Telling black from white
Author of The Etymologicon Mark Forsyth explains why black could be white - and up could be down
Etymologists have a terrible time distinguishing black from white. You’d think that the two concepts could be kept apart, but that wasn’t how the medieval English thought about things. They were a confusing bunch of people and must have had a terrible time ordering coffee. The Oxford English Dictionary itself feebly admits that: ‘In Middle English it is often doubtful whether blac, blak, blacke, means “black, dark,” or “pale, colourless, wan, livid”.’
Chess would have been a confusing game; but on the plus side, racism must have been impractical.
Utterly illogical though all this may sound, there are two good explanations. Unfortunately, nobody is quite sure which one is true. So I shall give you both.
Once upon a time, there was an old Germanic word for burnt, which was black, or as close to black as makes no difference. The confusion arose because the old Germanics couldn’t decide which colour burning was. Some old Germans said that when things were burning they were bright and shiny, and other old Germans said that when things were burnt they turned black.
The result was a hopeless monochrome confusion, until everybody got bored and rode off to sack Rome. The English were left holding black, which could mean either pale or dark, but slowly settled on one usage. The French also imported this useless black word. They then put an N in it and later sold it on to the English as blank. Leaving us with black and blank as opposites.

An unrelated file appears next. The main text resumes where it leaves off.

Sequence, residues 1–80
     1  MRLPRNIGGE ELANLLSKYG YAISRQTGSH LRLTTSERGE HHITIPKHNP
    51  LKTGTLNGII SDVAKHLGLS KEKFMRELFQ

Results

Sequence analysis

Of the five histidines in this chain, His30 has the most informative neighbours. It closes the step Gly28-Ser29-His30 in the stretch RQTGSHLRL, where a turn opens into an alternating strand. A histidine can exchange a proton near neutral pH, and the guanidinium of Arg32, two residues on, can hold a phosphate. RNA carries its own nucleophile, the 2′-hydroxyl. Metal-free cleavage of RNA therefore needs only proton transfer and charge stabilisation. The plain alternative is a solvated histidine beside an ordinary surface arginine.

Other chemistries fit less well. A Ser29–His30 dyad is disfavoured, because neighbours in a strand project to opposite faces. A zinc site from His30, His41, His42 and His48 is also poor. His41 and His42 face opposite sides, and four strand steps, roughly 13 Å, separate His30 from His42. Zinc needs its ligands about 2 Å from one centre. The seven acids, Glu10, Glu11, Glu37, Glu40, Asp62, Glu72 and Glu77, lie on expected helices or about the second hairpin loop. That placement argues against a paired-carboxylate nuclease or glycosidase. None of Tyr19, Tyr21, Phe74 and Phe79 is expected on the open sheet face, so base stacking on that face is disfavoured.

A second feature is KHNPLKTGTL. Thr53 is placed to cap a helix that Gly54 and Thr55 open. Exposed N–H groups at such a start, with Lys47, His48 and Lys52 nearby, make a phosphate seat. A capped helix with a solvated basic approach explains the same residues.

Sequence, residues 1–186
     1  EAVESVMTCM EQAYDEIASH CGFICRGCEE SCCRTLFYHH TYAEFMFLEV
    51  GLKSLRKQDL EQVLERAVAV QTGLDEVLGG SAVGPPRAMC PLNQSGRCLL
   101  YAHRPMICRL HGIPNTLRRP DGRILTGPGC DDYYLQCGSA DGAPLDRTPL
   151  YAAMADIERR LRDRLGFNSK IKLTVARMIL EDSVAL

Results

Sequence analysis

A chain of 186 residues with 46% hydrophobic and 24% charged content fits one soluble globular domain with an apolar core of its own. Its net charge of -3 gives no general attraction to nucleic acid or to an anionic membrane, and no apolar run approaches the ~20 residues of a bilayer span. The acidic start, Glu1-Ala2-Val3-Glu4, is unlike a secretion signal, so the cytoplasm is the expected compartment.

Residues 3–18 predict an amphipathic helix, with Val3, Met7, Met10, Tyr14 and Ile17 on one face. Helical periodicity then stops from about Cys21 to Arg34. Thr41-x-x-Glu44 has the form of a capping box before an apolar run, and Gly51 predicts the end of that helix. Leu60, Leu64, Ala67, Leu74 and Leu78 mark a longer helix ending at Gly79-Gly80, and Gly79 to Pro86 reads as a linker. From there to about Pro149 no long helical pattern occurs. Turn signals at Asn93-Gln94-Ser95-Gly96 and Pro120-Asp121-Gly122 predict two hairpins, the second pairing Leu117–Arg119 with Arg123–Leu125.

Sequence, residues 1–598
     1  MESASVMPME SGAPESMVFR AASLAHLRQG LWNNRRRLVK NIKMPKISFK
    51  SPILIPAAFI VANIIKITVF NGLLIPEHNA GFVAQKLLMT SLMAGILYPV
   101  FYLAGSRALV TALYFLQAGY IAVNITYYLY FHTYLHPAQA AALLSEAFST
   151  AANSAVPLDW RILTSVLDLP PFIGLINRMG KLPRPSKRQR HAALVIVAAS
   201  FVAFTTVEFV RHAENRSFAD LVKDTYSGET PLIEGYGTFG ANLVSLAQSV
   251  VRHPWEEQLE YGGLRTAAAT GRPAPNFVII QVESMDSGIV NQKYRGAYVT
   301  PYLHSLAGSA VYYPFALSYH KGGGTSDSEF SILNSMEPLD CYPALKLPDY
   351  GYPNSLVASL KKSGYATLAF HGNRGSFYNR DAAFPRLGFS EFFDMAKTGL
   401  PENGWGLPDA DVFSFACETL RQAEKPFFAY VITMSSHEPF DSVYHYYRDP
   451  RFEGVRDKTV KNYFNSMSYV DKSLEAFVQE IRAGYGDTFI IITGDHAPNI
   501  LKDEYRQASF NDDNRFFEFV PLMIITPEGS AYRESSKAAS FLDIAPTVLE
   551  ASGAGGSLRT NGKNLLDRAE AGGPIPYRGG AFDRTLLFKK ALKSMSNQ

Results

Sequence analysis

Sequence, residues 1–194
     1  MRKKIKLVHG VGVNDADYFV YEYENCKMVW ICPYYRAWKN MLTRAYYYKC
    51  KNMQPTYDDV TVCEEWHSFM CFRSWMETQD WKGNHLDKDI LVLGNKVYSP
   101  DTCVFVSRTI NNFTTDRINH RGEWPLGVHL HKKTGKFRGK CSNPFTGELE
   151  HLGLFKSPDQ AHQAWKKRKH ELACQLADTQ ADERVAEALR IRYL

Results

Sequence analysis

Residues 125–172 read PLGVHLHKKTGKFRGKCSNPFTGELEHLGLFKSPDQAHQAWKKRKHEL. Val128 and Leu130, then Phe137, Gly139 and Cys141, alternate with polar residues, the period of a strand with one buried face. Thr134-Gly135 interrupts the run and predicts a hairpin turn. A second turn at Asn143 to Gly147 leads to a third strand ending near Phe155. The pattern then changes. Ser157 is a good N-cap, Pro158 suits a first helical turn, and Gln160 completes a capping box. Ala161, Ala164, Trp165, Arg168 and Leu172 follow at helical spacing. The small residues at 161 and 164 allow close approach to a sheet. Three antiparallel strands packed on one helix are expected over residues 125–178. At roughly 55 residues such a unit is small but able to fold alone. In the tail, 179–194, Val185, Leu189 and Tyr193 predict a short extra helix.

The other theory (which is rather less likely, but still good fun) is that there was an old German word black which meant bare, void and empty. What do you have if you don’t have any colours?
Well, it’s hard to say really. If you close your eyes you see nothing, which is black, but a blank piece of paper is, usually, white. Under this theory, blankness is the original sense and the two colours – black and white – are simply different interpretations of what blank means.
And, just prove to the point even more irritatingly, bleach comes from the same root and can mean to make pale, or any substance used for making things black. Moreover, bleak is probably just a variant of bleach and used to mean white.
Such linguistic nonsenses are a lot more common than you might reasonably have hoped. Down means up. Well, okay, it means hill, but hills are upward sorts of things, aren’t they? In England there’s a range of hills called the Sussex Downs. This means that you can climb up a down.
Down, as in fall down, was originally off-down, meaning off-the-hill. So if an Old Englishman fell off the top of a hill he would fall off-down. Then lazy Old Englishmen started to drop the word off. Rather than saying that they were going off-down, they just started going down. So we ended up with the perplexing result that the downs are up above you, and that going downhill is really going downdown.
But we must get back to blanks and lotteries.
Once upon a time, a lottery worked like this. You bought a ticket and wrote your name on it. Then you put it into the name jar. Once all the tickets had been sold, another jar was filled up with an equal number of tickets, on some of which were written the name of a prize.
The chap running the lottery would pull out two tickets, on from the name jar and one from the prize jar. Thus, way back in 1653, the court of King James I was described as:
A kind of Lotterie, where men that venture much may draw a Blank, and such as have little may get the Prize.
Blank lottery tickets were thus the financial opposite of blank cheques (if you’re British) and blank checks (if you’re American), although as we shall see, the American spelling is older.
The Etymologicon by Mark Forsyth is published by Icon.